Proceedings Of The Marine

WIN 2015

Proceedings magazine is a communication tool for the Coast Guard's Marine Safety & Security Council. Each quarterly magazine focuses on a specific theme of interest to the marine industry.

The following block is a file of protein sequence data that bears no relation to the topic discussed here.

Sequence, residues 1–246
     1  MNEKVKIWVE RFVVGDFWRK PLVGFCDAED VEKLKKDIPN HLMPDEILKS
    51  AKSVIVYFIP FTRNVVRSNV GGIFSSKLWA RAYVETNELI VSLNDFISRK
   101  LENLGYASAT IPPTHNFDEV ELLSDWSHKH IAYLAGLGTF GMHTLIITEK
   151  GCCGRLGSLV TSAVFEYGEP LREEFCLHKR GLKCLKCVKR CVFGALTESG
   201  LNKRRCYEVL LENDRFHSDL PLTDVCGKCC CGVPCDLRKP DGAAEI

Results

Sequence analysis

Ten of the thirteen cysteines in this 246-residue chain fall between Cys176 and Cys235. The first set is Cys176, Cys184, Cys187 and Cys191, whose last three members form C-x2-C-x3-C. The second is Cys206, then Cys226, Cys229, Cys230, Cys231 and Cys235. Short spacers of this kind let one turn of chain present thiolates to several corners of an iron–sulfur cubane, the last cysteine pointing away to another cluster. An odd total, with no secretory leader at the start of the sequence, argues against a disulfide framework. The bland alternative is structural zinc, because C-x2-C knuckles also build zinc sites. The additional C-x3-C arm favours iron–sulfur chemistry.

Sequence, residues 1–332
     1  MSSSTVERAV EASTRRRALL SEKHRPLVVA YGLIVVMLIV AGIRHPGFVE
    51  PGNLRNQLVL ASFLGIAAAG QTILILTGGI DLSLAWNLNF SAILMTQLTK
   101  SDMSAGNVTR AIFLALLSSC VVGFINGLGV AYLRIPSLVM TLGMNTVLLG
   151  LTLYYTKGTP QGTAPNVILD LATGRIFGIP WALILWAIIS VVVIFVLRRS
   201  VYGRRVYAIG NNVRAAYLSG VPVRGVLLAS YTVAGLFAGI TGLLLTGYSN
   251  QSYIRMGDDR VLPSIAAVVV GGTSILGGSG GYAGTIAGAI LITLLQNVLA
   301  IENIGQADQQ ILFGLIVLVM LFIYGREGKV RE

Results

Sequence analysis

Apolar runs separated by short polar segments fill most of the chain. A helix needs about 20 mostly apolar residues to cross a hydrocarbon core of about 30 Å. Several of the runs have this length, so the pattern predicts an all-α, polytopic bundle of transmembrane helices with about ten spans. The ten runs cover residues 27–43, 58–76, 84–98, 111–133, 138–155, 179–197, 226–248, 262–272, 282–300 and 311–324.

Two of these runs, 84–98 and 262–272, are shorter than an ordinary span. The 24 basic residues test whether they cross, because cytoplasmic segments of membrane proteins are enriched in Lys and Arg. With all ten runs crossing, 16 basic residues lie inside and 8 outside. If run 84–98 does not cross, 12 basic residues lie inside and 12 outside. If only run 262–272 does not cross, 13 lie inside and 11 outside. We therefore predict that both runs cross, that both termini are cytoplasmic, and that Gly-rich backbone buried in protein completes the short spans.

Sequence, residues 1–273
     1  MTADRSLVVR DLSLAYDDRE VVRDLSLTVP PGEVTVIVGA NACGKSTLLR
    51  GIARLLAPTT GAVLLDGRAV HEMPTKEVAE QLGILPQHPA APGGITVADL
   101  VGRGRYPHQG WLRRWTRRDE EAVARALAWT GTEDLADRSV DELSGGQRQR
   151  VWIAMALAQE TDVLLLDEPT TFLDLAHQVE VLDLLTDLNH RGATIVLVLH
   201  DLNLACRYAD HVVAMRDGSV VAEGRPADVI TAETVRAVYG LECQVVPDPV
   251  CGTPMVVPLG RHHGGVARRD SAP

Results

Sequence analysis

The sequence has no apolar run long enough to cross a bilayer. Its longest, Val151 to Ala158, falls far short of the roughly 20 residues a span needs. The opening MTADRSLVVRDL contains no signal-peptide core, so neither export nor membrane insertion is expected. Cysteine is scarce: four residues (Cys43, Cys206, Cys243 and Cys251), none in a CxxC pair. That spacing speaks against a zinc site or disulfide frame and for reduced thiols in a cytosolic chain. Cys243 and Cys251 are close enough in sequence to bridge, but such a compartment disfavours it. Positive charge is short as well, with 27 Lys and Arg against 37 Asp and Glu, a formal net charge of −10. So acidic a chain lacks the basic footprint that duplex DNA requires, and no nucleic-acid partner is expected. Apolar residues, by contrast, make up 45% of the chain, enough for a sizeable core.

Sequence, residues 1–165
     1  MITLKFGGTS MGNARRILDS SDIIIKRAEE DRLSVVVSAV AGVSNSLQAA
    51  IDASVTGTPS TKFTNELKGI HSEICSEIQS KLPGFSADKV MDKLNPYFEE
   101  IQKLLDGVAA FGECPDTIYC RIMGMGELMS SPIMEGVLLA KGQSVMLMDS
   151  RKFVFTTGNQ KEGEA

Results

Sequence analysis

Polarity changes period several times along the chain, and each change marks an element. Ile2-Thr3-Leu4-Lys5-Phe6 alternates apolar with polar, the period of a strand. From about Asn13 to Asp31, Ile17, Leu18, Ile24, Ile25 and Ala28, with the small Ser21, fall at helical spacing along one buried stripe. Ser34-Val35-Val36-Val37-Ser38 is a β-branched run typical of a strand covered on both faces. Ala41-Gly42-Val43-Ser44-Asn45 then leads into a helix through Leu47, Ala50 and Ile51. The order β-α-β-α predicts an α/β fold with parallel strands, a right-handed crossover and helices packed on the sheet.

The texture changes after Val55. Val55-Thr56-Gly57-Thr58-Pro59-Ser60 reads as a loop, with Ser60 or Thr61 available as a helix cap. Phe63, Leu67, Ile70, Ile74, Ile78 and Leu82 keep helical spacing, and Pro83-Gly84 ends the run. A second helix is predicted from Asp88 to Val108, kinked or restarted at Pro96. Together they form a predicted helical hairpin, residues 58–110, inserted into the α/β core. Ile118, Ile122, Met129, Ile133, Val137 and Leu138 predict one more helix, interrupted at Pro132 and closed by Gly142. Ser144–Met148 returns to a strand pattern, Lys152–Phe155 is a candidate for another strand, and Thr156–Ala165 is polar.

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9 Winter 2015–2016 Proceedings After the initial search and rescue efforts, the Coast Guard requested travel clearance for USCG and NTSB casualty investigators to attend the accident scene, but they had to wait more than fve weeks to get approval. Furthermore, the investigators' efforts were hindered by the extremely limited information the Mexican government shared with them regarding the initial search efforts — information that could've been valuable to the accident investigation. As a result of this limited information and the travel delay, their efforts were severely hampered. Though Coast Guard investigators may be familiar with the investigation process and the local area, other coun- tries and/or states have their own investigative processes and procedures. For that reason, INV-NCOE personnel have worked to ease such challenges by ensuring that all involved parties understand their respective roles in the process and everyone reports on their process in the investigation. International Partnerships In addition to fostering improved working partnerships with border governments, INV-NCOE staff members have demonstrated their unique ability to interact with and estab- lish working relationships with international partners. In one of the largest passenger shipwrecks in modern times, the Italian cruise ship Costa Concordia hit an underwater reef on the evening of January 2012 and partially sank in the Italian coastal waters of the Mediterranean Sea. As part of the high-profle, multinational investigation that quickly ensued, the USCG Investigations National Center of Exper- tise quickly joined forces with NTSB investigators to become an integral part of the incident's U.S. representation. After the accident, INV-NCOE investigators offered tech- nical expertise and support to the government of Italy's When a major marine casualty 1 occurs, there are numerous international, federal, state, and local agencies poised and ready to engage at a moment's notice. Since its inception in late 2009, the USCG Investigations National Center of Exper- tise (INV-NCOE) has progressively forged strong partner- ships with such agencies to make the most of the specialized expertise and resources each brings to the table. Closing the Divide One such example involves the Coast Guard's investiga- tion of the loaded tank vessel Eagle Otome. On the morning of January 23, 2010, the vessel allided with the tank vessel Gull Arrow and a tank barge. As a result, the Eagle Otome ran aground, resulting in a major crude oil spill of more than 460,000 gallons in the port of Port Arthur, Texas, about 90 miles east of Houston. 2 In addition to National Transportation Safety Board (NTSB) marine casualty investigators, the INV-NCOE was notifed, and personnel immediately sprang into action. The incident laid the foundation for what proved to be the beginning of a long-lasting partnership between the two agencies, and the ensuing investigation showcased the INV-NCOE's con- tribution to harmonious investigations that stretch across multijurisdictional boundaries. Though having pre-established relationships signifcantly improves marine casualty investigation effectiveness, the practice doesn't come without its challenges, as a Septem- ber 2011 investigation proved. A U.S.-fagged liftboat was 15 nautical miles offshore in the Bay of Campeche in the Gulf of Mexico when it sustained hurricane damage. The crew of 10 abandoned the vessel and clung to a life foat. Three days passed before nine of the 10 crewmembers were rescued. Only six survived. Four days later, the body of the tenth crewmember was recovered. 3 INV-NCOE Agency Partnerships Established relationships leverage efforts. by LCDR yanCee MCLeMoRe Program Manager, Suspension and Revocation U.S. Coast Guard Offce of Marine Casualty Investigations and Analysis Overview

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